Canada dispatch: Indigenous groups seek apology for residential schools in Vatican meetings Dispatches
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Canada dispatch: Indigenous groups seek apology for residential schools in Vatican meetings

Mélanie Cantin is a JURIST Staff Correspondent in Ottawa, and a 1L at the Unversity of Ottawa.

Indigenous delegations from Canada began their meetings with Pope Francis in the Vatican Monday. The groups of First Nations, Inuit, and Métis people are seeking an apology from the Catholic Church for its involvement in the Canadian residential school system. The trip was originally planned for December 2021, but was delayed due to the worldwide COVID-19 Omicron outbreak.

Many people, Canadian and non-Canadian alike, are sadly unfamiliar with this dark part of Canada’s history. I myself was born and raised in Ontario, Canada, and had barely heard of residential schools until my final year of high school in 2016-2017. It was not until my university classes the following year that I truly learned of the many horrors that occurred in these establishments.

Things have changed in the last few years, but it is crucial to understand the historical and present-day context that informs the delegations’ current trip to the Vatican.

The Canadian government established residential schools throughout the country in the mid-1870s in an effort to assimilate First Nations, Inuit, and Métis people. It encouraged parents to send their children to these overnight establishments, and it was common practice for the Royal Canadian Mounted Police to take the children there by force anyway when parents did not consent. By 1920, an amendment to the Indian Act made attendance for Indigenous children between seven and sixteen years old mandatory.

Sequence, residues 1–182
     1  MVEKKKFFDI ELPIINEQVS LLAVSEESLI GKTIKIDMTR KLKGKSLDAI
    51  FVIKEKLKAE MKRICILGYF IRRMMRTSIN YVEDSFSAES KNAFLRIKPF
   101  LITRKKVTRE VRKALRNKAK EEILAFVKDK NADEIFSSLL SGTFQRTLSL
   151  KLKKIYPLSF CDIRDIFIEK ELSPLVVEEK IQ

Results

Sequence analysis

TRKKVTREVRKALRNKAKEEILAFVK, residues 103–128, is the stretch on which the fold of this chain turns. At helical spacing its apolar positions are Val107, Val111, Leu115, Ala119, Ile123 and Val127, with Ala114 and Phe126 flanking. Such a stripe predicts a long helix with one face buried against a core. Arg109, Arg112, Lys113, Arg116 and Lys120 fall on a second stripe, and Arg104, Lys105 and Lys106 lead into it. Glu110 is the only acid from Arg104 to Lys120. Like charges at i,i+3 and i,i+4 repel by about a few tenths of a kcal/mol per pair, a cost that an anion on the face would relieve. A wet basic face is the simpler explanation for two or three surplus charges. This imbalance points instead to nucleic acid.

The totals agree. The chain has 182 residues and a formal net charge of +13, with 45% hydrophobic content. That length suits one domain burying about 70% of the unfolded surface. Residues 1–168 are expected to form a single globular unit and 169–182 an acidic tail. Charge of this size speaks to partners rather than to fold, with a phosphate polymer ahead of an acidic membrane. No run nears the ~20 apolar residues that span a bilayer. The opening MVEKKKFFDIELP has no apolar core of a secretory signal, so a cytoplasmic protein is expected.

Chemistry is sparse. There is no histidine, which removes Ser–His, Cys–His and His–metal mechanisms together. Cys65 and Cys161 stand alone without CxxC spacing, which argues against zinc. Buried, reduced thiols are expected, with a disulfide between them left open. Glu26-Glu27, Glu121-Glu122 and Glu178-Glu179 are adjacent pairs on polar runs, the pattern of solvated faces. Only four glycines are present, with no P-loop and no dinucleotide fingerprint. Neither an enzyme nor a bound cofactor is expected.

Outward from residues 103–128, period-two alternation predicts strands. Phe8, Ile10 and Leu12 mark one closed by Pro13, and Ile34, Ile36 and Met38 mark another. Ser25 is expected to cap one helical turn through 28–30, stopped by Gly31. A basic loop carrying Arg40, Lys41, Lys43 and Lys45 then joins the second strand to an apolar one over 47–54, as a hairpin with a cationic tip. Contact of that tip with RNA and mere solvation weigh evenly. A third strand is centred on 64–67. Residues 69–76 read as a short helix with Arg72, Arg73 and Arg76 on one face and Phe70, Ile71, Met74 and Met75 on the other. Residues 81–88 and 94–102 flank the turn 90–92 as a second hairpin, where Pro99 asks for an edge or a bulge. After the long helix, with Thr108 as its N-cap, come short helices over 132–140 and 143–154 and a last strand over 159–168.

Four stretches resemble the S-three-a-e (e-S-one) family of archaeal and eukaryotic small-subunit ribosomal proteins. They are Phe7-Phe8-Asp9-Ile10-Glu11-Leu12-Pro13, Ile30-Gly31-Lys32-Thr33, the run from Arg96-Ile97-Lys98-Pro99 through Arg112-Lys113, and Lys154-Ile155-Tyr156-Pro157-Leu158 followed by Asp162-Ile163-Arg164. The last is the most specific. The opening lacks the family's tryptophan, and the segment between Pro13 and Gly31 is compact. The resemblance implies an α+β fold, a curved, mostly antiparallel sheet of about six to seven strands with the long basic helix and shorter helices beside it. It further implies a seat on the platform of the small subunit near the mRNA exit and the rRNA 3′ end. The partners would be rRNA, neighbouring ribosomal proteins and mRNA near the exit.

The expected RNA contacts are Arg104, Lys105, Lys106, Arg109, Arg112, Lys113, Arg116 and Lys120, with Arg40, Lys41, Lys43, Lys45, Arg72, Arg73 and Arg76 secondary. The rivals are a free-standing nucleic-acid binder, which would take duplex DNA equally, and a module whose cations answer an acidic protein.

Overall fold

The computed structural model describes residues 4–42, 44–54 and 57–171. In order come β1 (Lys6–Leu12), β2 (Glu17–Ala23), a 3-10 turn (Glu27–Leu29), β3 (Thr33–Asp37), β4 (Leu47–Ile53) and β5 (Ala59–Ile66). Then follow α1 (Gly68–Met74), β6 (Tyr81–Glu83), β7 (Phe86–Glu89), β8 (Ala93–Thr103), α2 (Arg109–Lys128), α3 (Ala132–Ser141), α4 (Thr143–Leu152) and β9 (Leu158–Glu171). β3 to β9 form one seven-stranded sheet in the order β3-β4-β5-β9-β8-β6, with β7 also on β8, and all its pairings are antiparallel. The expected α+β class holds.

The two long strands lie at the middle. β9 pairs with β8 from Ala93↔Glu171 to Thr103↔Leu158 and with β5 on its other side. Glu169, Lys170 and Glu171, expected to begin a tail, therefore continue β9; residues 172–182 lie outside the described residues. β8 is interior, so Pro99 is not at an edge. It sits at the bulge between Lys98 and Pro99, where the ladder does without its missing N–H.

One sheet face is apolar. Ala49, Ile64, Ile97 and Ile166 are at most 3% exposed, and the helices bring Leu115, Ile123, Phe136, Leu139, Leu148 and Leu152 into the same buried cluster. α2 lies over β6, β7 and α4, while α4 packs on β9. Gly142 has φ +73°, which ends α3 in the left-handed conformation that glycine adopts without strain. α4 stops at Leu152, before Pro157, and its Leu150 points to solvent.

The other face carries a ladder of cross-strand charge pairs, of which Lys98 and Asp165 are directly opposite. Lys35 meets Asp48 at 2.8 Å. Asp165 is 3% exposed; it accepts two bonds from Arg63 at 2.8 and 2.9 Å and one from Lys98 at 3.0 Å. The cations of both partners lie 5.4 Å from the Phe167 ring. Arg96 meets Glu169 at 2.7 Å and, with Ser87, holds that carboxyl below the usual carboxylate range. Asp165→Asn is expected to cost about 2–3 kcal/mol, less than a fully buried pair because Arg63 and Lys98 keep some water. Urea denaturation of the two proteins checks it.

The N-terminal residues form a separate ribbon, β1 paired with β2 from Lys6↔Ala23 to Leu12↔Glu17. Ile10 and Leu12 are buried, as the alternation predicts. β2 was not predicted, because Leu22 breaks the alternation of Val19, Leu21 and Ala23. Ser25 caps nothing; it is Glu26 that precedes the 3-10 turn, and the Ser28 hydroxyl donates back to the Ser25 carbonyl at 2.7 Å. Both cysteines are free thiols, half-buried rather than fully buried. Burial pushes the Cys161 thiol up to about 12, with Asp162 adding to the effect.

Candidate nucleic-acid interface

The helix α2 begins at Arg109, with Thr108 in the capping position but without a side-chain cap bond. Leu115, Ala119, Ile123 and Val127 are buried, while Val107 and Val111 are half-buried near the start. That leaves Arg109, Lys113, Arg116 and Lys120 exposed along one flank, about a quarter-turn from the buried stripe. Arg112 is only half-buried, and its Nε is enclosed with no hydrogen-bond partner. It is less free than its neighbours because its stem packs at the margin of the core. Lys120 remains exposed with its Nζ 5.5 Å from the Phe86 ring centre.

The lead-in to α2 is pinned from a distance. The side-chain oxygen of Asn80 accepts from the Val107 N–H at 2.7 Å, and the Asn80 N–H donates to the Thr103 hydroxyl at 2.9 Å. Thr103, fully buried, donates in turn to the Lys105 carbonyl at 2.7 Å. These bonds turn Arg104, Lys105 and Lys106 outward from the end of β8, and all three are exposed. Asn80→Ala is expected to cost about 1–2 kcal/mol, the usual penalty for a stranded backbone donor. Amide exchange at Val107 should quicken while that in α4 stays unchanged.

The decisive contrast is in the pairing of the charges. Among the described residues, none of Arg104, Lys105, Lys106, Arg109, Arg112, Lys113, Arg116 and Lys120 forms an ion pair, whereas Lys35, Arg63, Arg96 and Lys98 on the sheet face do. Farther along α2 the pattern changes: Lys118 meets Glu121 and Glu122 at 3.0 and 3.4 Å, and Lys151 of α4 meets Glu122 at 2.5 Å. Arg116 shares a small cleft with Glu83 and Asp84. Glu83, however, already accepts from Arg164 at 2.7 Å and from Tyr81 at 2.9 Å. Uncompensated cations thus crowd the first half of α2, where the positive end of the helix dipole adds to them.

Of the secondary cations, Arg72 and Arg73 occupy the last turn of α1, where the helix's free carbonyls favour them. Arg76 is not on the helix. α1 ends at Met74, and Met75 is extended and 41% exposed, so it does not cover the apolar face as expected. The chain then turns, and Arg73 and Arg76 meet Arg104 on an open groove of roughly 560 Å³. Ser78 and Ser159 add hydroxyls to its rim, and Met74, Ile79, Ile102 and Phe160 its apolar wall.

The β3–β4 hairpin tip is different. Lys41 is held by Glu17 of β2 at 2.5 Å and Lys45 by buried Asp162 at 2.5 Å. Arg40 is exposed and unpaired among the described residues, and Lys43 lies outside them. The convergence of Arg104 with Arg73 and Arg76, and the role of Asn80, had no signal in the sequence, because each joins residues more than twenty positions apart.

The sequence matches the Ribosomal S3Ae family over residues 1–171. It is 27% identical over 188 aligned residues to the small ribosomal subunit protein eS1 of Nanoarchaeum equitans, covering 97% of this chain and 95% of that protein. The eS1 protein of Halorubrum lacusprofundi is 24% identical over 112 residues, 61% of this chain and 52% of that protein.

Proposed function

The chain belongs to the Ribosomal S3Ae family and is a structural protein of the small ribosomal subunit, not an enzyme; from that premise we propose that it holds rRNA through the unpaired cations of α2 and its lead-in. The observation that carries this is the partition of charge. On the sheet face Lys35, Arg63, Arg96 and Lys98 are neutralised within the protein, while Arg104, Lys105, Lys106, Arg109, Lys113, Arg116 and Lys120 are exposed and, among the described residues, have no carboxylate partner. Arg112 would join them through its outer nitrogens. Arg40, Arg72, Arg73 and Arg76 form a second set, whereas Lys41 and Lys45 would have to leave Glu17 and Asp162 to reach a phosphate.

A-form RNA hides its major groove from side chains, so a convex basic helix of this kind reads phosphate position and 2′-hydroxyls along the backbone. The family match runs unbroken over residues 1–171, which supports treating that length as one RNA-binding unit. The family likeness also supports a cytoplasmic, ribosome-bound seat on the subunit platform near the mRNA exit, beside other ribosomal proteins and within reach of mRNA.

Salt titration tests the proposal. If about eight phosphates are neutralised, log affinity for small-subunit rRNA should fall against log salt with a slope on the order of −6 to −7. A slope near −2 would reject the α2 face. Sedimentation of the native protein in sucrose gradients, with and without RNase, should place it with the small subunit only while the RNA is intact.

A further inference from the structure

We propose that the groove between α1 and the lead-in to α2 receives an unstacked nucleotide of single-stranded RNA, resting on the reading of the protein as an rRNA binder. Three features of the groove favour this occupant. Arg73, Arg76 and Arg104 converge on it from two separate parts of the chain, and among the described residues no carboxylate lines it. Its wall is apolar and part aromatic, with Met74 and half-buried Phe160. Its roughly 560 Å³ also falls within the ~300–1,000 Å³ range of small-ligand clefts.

At these schools, children as young as three years old suffered physical, sexual, and psychological abuse, and were banned from practicing their culture. Among other things, children had to stop speaking their languages, abandon their spiritual practices, and cut ties with their families and Indigeneity more broadly, all in order to assimilate into the dominant Canadian society. An inquiry into the abuse suffered by survivors of these establishments began in 1991, but the last residential school only closed in 1996.

While the government of Canada funded residential schools, they were run by religious organizations. The Roman Catholic church ran the majority of them, with Anglican, United, Methodist, and Presbyterian denominations covering the rest. The churches had great freedom in determining how best to “educate” the children under their care, and their practices have caused immense suffering that persists among survivors and their children today.

Since the 1970s, researchers have been finding children’s bodies in unmarked graves on residential school grounds. In spite of assertions by Indigenous knowledge-keepers regarding the existence and locations of these graves, the story was not known to a majority of Canadians.